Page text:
Community policing defined early chief

PC-cops.jpg

By MICHAEL BUSHNELL
Northeast News
November 13, 2013

Showing “‘Some of the Finest,’ Metropolitan Police Force, Kansas City, Mo.,” this postcard was published by the Elite Postcard Company of Kansas City, Mo.

The officers are posed in front of the former police headquarters at Fourth and Main streets in what is now the River Market area.

After humble beginnings in 1874, the department went from being simply a town marshall to a full-fledged police force, commanded by Police Chief Thomas Speers. (Speers is buried in historic Elmwood Cemetery.) No chief since Speers has had so long a tenure – during his 21 years serving Kansas City, Speers oversaw the change from what was essentially considered “frontier justice” to a professional police force. At the time the department was instated, Kansas City’s population was between 30,000 and 40,000 and was policed by about 30 officers. Beat cops at the time earned a whopping $75 per month. Captains earned $100 per month, and Speers as chief earned $165 per month.

By 1912, the city’s population had grown to about 250,000, and the department’s ranks swelled to 502 officers who patrolled the 10 districts of anywhere between five and 30 beats each. The police department even had its own matron, Mrs. Patti Moore, who oversaw women arrested for prostitution and vagrancy. Moore also helped officers find husbands accused of abandoning their families.

One interesting side-note about Chief Thomas Speers is that he very well could have been the father of modern community policing. Speers thought it wise for officers to proactively work their beats so as to prevent crime instead of reactively responding to calls from different areas of the city… a 125-year-old lesson modern day command staff could do well in heeding.

Comments are closed.

  • Cemetery vaults held waiting bodies in historic cemetery

    November 30th, 2016
    by

    By MICHAEL BUSHNELL Northeast News November 30, 2016 In 1888 when the Forest Hill Cemetery was incorporated, it lay outside […]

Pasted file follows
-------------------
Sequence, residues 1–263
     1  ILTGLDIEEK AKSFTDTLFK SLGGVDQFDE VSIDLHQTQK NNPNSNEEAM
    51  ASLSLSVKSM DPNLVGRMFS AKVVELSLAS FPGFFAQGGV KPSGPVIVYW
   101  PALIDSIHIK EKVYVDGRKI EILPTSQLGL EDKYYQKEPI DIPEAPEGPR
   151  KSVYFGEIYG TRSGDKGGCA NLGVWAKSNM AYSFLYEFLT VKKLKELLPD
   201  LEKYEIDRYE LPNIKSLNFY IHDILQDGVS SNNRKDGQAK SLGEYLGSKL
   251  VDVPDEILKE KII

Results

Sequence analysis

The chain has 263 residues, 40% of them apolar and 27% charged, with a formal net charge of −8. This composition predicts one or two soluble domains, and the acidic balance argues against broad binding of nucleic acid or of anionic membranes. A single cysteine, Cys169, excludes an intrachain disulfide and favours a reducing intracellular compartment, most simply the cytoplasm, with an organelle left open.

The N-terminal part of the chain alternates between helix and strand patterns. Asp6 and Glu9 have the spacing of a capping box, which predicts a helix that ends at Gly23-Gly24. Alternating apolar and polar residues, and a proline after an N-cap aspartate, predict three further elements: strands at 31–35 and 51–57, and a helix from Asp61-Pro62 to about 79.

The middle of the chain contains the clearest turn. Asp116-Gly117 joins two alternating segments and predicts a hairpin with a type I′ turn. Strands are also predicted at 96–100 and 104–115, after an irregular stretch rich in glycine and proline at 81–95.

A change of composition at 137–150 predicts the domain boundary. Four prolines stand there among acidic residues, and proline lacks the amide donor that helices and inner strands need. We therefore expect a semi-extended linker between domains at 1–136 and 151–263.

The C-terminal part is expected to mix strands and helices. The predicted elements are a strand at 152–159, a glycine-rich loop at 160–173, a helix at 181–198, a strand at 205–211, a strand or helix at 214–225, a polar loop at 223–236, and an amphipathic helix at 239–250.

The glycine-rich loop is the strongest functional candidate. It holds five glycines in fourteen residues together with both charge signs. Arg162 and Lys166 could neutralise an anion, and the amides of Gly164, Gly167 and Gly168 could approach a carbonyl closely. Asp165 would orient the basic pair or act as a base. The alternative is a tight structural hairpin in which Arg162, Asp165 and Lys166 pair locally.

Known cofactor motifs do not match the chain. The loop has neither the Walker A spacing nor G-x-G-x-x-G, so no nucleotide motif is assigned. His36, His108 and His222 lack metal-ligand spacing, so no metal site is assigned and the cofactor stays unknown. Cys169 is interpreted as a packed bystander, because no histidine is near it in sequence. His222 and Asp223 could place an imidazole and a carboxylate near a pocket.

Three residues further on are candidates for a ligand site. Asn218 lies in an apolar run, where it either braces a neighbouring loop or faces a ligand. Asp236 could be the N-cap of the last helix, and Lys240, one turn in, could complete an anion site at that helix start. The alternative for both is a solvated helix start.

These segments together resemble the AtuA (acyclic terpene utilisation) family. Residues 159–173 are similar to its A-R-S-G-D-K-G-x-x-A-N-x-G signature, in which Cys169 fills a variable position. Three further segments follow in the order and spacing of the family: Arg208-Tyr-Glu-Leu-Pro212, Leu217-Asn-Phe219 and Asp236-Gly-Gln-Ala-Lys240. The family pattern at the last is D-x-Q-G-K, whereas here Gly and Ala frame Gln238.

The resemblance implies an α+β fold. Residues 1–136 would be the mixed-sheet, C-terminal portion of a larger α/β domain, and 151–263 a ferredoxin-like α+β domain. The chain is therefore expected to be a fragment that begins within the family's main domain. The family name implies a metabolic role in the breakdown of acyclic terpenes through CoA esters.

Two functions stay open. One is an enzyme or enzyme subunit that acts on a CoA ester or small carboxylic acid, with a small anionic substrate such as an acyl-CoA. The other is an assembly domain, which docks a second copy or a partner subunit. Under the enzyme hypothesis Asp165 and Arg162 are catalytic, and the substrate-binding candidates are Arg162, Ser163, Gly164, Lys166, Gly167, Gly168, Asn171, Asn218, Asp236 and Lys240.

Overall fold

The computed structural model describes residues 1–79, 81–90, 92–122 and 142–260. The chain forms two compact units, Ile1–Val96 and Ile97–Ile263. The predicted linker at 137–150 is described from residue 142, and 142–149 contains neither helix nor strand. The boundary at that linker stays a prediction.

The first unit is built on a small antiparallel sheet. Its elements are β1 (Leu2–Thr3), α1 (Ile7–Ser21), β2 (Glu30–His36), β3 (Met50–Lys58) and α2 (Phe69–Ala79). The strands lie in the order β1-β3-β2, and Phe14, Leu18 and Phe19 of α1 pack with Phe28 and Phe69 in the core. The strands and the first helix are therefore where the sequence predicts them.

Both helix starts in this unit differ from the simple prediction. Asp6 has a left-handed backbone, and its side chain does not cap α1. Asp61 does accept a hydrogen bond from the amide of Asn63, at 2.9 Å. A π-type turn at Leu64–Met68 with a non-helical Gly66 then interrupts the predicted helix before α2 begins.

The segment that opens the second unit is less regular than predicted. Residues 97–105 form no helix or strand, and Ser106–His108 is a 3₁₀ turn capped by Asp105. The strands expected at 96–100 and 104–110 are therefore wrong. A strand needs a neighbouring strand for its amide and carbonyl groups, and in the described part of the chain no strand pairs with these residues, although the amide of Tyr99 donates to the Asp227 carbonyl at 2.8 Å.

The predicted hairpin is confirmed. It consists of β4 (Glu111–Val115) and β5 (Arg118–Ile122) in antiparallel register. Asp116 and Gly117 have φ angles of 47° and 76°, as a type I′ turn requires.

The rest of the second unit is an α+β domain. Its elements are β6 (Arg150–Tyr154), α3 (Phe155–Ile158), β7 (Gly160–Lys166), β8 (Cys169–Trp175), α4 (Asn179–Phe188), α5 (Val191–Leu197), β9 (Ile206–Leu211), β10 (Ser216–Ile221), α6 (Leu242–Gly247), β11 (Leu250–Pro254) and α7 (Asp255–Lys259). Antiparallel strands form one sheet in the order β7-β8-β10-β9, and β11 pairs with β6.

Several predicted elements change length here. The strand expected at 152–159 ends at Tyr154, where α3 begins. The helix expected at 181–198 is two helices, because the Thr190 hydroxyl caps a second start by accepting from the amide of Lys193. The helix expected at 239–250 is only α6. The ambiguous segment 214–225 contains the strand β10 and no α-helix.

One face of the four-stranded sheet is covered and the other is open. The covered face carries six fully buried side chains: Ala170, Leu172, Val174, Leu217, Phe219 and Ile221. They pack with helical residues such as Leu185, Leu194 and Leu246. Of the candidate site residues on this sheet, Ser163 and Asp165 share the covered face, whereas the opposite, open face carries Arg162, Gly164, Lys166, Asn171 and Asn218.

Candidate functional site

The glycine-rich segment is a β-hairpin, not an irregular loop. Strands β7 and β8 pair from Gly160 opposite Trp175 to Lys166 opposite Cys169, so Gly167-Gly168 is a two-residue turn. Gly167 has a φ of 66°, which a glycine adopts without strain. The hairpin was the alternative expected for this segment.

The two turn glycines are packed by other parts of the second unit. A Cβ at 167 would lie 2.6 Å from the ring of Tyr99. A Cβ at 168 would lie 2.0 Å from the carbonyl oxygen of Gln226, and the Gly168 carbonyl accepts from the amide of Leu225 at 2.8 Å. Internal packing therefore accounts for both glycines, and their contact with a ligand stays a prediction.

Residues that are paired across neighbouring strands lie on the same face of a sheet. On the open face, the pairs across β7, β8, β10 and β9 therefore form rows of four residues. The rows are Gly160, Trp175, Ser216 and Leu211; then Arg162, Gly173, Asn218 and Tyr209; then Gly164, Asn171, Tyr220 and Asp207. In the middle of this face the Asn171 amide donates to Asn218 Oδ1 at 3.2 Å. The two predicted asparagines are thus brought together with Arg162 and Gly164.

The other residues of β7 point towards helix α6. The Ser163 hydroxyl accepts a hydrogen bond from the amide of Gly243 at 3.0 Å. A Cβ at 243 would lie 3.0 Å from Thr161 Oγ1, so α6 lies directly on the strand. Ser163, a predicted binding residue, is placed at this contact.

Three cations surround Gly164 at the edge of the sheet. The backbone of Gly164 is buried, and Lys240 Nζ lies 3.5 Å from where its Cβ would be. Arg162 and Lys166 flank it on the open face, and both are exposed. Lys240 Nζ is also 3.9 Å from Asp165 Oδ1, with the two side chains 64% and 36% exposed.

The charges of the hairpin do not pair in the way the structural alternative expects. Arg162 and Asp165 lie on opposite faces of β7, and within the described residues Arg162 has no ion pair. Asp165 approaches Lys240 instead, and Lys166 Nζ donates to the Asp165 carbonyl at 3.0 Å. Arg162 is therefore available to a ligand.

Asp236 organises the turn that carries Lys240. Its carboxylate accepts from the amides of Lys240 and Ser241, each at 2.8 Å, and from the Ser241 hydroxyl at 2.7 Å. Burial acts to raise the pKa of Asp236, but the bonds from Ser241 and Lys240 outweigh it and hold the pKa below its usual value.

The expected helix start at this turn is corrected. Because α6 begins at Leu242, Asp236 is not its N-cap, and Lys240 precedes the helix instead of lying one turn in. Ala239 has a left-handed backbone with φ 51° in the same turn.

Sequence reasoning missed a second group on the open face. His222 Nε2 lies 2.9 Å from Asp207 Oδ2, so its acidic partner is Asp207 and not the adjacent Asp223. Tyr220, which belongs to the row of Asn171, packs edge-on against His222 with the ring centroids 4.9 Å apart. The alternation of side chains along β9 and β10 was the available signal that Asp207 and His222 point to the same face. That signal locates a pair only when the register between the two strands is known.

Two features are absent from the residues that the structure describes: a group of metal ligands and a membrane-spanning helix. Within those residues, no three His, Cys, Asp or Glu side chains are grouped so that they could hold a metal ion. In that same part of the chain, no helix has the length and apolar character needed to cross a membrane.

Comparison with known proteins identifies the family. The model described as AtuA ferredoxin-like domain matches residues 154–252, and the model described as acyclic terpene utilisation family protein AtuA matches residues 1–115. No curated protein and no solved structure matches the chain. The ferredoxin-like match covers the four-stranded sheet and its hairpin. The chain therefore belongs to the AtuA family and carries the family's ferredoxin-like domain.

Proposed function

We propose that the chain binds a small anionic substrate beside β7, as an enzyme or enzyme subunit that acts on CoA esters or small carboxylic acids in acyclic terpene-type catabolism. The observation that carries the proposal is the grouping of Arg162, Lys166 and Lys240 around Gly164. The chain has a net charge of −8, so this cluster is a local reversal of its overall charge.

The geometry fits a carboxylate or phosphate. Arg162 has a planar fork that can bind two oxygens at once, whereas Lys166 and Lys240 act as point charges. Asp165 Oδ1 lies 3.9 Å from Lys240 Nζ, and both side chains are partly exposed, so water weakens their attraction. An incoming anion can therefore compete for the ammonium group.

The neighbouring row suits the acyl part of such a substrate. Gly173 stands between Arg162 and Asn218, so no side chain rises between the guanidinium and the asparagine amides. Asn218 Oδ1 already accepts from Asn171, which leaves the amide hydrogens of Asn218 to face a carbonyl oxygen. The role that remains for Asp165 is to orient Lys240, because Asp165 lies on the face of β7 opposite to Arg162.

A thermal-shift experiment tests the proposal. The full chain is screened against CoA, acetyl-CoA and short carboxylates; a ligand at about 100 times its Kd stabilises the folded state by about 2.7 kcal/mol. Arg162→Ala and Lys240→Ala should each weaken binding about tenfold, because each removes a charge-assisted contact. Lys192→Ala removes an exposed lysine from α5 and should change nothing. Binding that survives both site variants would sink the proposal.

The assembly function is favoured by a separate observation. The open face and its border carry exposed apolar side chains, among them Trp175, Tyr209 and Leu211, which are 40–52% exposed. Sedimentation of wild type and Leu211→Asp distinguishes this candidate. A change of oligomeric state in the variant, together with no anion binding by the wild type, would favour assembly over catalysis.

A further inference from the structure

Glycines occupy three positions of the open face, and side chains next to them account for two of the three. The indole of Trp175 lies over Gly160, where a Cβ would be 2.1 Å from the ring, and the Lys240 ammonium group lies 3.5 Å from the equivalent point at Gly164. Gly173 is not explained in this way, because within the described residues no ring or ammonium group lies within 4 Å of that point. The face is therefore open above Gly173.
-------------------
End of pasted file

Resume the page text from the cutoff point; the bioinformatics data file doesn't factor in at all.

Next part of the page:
Americans give thanks nearly 400 years

    November 23rd, 2016
    by

    By MICHAEL BUSHNELL Northeast News November 23, 2016 What we celebrate as Thanksgiving is traditionally tied to a three-day feast […]


    Polished beauty rode the rails

    November 16th, 2016
    by

    Billed as the first streamlined diesel-powered train between St. Louis and Kansas City, the Alton Burlington, Ozark State Zephyr graces the front of this linen era postcard sent to Meyer Supply Company of St. Louis on Feb 23, 1937. Built entirely of stainless steel, the train was the flagship of Burlington Railway…


    Iconic igloo inspires museum memories

    November 9th, 2016
    by

    If you’ve forgotten what the third floor of the Kansas City Museum looked like when your elementary school booked a field trip there, here’s a little refresher for you…


    When the center isn’t really the center

    November 2nd, 2016
    by

    Depending on whom you ask, the geographic center of the United States could be one of four different places, all in various midwestern states.


  • Halloween’s chilling origins

    October 26th, 2016
    by

    By MICHAEL BUSHNELL Northeast News October 26, 2016 Halloween traces its origins to the ancient Celtic holiday “Samhain” (pronounced “sow-in”), […]


    Missouri army camp trained celebrities

    October 19th, 2016
    by

    Northeast News Camp Crowder in Neosho, originally established as an Army Signal Corps training camp, was made famous by a variety of celebrities who spent time there during World War..


    P&L building lights up KC

    October 12th, 2016
    by

    By MICHAEL BUSHNELL Northeast News October 12, 2016 Arguably one of the finest examples of Art Deco architecture in the […]


    A royal treat since 1899

    September 27th, 2016
    by

    Northeast News The roots of today’s American Royal can be traced to 1899 when the fledgling event was referred to as the National Hereford Show.


    Swope mystery lives on while park thrives

    September 20th, 2016
    by

    Northeast News This card, titled “Entrance to Swope Park, Kansas City,” may have been sent by a prominent Kansas City architect of its day.


  • Local Weather

  • What’s Happening

    KCPS gets chance to impress DESE with James Elementary tour

    By Paul Thompson Northeast News December 1, 2016 KANSAS CITY, Missouri – James Elementary was one of three buildings in […]

    Mural installation at Scarritt Elementary almost finished

    By Michael Bushnell Northeast News December 1, 2016 KANSAS CITY, Missouri – The Northeast News caught up with Kansas City […]

    Robbery suspect dies after officer-involved shooting

    By Paul Thompson Northeast News November 30, 2016 KANSAS CITY, Missouri – A Kansas City, Missouri police officer shot and […]